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What's driving up house prices in North Toronto?
Published Thursday, March 15, 2012 11:09PM EDT
In the mid-1990s, a ravine-side bungalow on a large North York lot would have sold for about $600,000. Now, with the area blossoming into Toronto's top destination for moneyed immigrants, it could go for four times that.
In fact, realtor Bill Thom recently made just such a sale -- one of the latest in a real estate boom that is seeing homes in the north end of Toronto go for prices that would have seemed unfathomable even two or three years ago.
The home in question was a ranch-style bungalow on a large lot in Bayview Village. Its previous owners bought the Forest Grove Drive home for $1.65 million just two years ago and sold for a whopping $2.53 million -- a price much lower than what they were expecting.
"I tell you, the appreciation is better than Apple (stock)," joked Thom, whose smiling face -- cellphone pressed up to his ear -- is plastered on signs throughout North York. "I don't think it's the end."
According to a recent report by the Canadian Real Estate Association, home prices were up an average of two per cent in February compared to the same time last year, while the average national selling price for homes was $372,763.
But those national averages pale in comparison to the exponential growth in Toronto's north end.
Thom believes his home turf, near the intersections of Highways 401 and 404, has proven an appealing location for a few reasons. It's got highly-rated schools, is close to the subway, and also had good access to several of the area's main highways.
But one of the biggest reasons, he says, is the existing communities of immigrants that attract their friends.
Thom, who speaks several Chinese dialects, says his customers come largely from Chinese, Korean, Persian and Russian backgrounds. Many of them, he says, would rather have a new home than one that is 80 years old -- so areas with lots large enough to host brand-new mansions are hot items.
"(Immigrants who buy in this area) are usually the newly rich," he said. "They tend to like new-style. Everything new. At $10 million or more, they say, ‘Why I should I buy an 80-year old home in Rosedale?"
He sees traditionally wealthy areas such as Rosedale and Forest Hill as "old money" neighbourhoods -- offering less land and more cultural challenges.
"Most of these ‘new money' coming in, they may be rich but they may be linguistically challenged," he said. "They're the top guy (in their country, but) they may not speak English and may not fit in all that well.
"The Rosedale establishment families have been there for three generations. If you don't have the language to the degree you can mingle, it's sort of hard to live there."
Shane Baghai, a high-end condo developer with many properties in North York, says his larger and more expensive units usually go to newcomers who enter Canada on the Immigrant Investor Program -- which allows people willing to invest $800,000 in the country as a fast-track to citizenship.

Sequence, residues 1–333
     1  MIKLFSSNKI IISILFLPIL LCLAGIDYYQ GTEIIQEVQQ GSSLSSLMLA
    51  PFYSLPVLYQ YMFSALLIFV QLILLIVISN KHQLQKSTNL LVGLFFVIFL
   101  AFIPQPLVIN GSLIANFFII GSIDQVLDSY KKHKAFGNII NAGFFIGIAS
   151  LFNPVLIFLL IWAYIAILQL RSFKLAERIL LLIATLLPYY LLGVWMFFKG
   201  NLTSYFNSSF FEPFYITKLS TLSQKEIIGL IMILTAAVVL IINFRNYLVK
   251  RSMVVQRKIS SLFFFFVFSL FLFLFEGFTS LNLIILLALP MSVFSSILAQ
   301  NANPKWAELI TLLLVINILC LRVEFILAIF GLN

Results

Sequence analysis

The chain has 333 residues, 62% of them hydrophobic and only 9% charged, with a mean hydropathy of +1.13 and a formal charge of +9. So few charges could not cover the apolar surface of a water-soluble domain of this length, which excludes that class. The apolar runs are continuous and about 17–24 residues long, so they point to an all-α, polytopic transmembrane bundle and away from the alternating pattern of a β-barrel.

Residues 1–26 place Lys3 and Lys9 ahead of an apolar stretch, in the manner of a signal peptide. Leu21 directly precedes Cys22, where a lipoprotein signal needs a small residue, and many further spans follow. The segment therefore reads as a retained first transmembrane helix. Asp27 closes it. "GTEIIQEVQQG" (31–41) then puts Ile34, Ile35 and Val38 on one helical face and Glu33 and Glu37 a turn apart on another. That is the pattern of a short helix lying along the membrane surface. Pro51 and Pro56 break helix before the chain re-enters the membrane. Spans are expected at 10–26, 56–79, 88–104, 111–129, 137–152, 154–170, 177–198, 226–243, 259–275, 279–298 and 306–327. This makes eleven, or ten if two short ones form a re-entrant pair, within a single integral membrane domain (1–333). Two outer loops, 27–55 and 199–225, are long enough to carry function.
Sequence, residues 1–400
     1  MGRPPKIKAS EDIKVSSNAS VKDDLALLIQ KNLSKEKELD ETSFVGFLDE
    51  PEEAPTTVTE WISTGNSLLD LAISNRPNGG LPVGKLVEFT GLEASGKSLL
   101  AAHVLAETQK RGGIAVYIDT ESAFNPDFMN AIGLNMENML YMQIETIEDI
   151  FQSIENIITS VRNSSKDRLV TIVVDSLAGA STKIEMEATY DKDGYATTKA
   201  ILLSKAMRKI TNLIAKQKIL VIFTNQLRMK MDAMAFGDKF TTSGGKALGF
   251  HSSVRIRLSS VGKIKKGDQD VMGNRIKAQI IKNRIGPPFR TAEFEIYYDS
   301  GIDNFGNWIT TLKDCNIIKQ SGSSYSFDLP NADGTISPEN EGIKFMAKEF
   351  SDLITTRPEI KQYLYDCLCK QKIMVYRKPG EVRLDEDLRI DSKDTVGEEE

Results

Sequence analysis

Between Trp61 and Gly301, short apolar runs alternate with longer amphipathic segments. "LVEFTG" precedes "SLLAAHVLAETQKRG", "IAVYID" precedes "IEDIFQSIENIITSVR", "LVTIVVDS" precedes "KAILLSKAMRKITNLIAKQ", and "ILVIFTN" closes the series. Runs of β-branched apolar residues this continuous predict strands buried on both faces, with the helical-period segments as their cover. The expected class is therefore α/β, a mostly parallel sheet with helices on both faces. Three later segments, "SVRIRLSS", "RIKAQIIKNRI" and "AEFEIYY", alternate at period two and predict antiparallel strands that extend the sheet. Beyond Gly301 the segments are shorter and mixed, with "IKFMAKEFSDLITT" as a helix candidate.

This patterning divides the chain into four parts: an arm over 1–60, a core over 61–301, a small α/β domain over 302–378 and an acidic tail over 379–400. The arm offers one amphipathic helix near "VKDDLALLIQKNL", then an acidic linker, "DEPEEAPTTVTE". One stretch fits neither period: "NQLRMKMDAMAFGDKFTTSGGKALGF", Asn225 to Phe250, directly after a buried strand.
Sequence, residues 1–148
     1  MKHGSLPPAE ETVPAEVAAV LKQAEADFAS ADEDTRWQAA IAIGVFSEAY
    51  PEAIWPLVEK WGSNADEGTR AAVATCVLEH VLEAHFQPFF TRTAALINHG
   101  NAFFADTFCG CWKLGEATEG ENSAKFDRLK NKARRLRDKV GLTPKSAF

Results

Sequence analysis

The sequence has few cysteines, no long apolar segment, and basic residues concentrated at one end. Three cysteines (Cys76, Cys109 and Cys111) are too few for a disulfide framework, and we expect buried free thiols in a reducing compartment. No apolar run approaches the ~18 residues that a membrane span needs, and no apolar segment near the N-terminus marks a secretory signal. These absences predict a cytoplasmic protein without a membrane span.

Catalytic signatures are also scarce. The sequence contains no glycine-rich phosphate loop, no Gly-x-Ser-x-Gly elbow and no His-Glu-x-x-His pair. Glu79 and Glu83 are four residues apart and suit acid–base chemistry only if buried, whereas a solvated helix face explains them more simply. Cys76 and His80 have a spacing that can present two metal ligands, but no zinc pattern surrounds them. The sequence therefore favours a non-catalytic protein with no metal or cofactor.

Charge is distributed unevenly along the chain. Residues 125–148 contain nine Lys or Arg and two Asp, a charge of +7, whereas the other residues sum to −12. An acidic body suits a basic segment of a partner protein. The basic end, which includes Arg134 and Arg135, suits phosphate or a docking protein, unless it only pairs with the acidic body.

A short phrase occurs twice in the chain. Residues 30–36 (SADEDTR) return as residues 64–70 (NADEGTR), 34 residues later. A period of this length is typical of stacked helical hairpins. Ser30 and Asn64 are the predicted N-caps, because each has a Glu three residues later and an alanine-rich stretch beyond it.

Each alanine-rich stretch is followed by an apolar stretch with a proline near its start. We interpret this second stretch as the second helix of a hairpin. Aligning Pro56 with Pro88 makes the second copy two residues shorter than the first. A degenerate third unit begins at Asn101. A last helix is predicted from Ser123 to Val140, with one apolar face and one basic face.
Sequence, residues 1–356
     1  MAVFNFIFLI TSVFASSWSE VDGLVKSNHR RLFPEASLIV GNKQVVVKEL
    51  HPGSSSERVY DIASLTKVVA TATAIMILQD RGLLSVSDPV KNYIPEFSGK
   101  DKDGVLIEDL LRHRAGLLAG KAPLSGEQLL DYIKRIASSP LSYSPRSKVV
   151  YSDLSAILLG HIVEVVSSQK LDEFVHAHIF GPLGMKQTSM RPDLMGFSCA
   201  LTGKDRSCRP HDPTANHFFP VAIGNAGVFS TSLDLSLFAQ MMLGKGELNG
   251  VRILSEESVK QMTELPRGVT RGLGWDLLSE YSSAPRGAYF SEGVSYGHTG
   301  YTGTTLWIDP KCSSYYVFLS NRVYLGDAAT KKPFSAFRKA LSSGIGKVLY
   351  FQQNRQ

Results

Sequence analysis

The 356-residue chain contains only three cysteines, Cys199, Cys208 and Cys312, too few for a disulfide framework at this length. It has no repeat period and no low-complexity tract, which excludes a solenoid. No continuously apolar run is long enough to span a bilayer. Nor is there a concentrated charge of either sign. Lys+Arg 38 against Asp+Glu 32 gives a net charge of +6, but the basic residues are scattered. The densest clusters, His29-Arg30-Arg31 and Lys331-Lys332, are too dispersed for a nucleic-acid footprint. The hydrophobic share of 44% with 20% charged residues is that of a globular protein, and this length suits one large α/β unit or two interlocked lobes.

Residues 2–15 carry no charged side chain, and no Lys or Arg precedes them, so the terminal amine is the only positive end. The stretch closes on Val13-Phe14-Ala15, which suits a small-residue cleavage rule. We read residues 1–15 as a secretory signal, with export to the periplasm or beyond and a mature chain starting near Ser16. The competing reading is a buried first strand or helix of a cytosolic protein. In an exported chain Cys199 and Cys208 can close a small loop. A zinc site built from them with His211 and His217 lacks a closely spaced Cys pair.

"North York is an extremely palatable location to many people," he said, adding, "This is an area I tagged as an upcoming area about seven years ago."
Last week, a nondescript Willowdale bungalow made headlines when it sold for $421,800 above its asking price of $759,000. The buyer was a Chinese university student from a wealthy family.
While non-wealthy prospective buyers may balk at the borough's ever-escalating house prices, Thom notes its existing residents seem pretty pleased to think their homes could be next. He also points out that the influx of wealthy foreigners puts a lot of money into countless other businesses throughout the city.
"You talk to any car salesman -- BMW, Audi -- and ask them who's been buying all these cars," he said. "These people usually buy two, maybe three… For every dollar in real estate, it's felt through the economy maybe three times."
There are so many typical-looking bungalows in that area now going for more than $1 million that a website has emerged to parody the prices. Recent posts on FMListings.com refer to a $1.9-million asking price for a bungalow in Thornhill and one going for $1.5 million in Willowdale.
Compare that to the price of a home built by one of the world's most famous architects, for sale in Chicago:
"Today I found out that you can buy the Thomas H. Gale house, which is a home built by Frank Lloyd Wright in 1892… in Oak Park, which is the super fancy-shmancy, expensive area of Chicago. It's for sale at $1,295,000.00," writes the site's author, Melissa Hart.
She goes on to compare the historic home to a plain-looking bungalow in North York that is selling for $205,000 more.
"It was really hard for me to type ‘valuable' in the context of a North York bungalow without losing my sh*t just now," Hart writes.